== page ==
Friday, June 21, 2013

Moseying Along

Throughout the years of late-prehistory, AD 1400s - 1700s, and through much of the 1800s, the canoe was a principal means of travel in ancient Hawaiʻi.  Canoes were used for interisland and inter-village coastal travel.

Most permanent villages initially were near the ocean and at sheltered beaches, which provided access to good fishing grounds, as well as facilitating convenient canoe travel.

Although the canoe was a principal means of travel in ancient Hawaiʻi, extensive cross-country trail networks enabled gathering of food and water and harvesting of materials for shelter, clothing, medicine, religious observances and other necessities for survival. 

These trails were usually narrow, following the topography of the land.  Sometimes, over ‘a‘ā lava, they were paved with water-worn stones. 

Back then, land travel was only foot traffic, over little more than trails and pathways.

June 21, 1803 marked an important day in the history of Hawaiʻi land transportation and other uses when the Lelia Byrd, an American ship under Captain William Shaler (with commercial officer Richard Cleveland,) arrived at Kealakekua Bay with two mares and a stallion on board.

Before departing to give these gifts to Kamehameha (who was not on the island to accept them,) the captain left one of the mares with John Young (a trusted advisor of the King, who begged for one of the animals.)

Shaler and Cleveland then departed for Lāhainā, Maui to give the mare and stallion to King Kamehameha I.

Hawaiʻi had a new means of transportation (as well as a work-animal to help control the growing cattle population (gifts from Captain Vancouver in 1793.))

Until the mid-1800s, overland travel was predominantly by foot and followed the traditional trails.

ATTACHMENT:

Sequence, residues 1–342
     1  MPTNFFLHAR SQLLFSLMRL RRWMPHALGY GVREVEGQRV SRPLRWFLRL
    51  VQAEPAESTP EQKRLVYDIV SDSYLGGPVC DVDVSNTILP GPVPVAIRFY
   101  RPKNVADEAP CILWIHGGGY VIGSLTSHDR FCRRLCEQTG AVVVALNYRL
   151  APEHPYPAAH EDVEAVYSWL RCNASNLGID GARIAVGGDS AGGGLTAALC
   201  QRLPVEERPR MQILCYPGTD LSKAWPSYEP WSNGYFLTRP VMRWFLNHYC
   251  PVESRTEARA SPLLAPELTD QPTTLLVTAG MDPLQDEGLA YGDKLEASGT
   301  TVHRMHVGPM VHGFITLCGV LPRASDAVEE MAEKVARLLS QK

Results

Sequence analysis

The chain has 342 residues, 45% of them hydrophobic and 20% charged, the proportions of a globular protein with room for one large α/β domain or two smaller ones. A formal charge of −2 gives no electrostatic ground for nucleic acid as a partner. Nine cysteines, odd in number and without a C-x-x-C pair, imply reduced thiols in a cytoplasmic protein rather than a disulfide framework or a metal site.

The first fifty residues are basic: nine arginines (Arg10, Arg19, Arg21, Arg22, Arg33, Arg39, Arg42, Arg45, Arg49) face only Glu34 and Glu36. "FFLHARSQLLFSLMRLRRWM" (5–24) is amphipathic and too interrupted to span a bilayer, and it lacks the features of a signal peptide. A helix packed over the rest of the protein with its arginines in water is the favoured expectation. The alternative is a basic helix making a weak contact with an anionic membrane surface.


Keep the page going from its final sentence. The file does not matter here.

In 1838, a major street improvement project was started. Honolulu was to be a planned town. Kinaʻu (Kuhina Nui Kaʻahumanu II) published the following proclamation: "I shall widen the streets in our city and break up some new places to make five streets on the length of the land, and six streets on the breadth of the land... Because of the lack of streets some people were almost killed by horseback riders …"

By the 1840s, the use of introduced horses, mules and bullocks for transportation was increasing, and many traditional trails - the ala loa and mauka-makai trails within ahupua‘a - were modified by removing the smooth stepping stones that caused the animals to slip. 

A few remnants of the early uses of horses to get around can be seen.  Circular indentations in curbs adjoining streets show the location of hitching rings used to tether horses outside businesses.

Typically, the evidence is iron stubs that fastened the rings to the curb. In Hilo, some curb rings can still be seen; along the curb of Kamehameha Avenue are two-inch rings spaced at intervals.

There is also evidence on Alakea Street, between King and Merchant, in Honolulu, fronting the Wolter Building (site of the former Occidental Hotel.) 

Today, Hawaiʻi remains strong in the ranching tradition. Remnant hitching posts can be found outside of some businesses and homes. Rodeo grounds can be seen on most of the islands.

In 1868, horse-drawn carts operated by the Pioneer Omnibus Line went into operation in Honolulu, beginning the first public transit service in the Hawaiian Islands.

Honolulu resident HP Baldwin is credited with having the first automobile back in October 1899 (it was steam-powered.) The first gasoline-powered automobile arrived in the Islands in 1900.

In November of 1900, an electric trolley (tram line) was put into operation in Honolulu, and then in 1902, a tram line was built to connect Waikīkī and downtown Honolulu. The electric trolley replaced the horse-mule-driven tram cars.

The image shows a horse-tethering ring on a Hilo street.  In addition, I have added other horse-related images in a folder of like name in the Photos section on my Facebook and Google+ pages.

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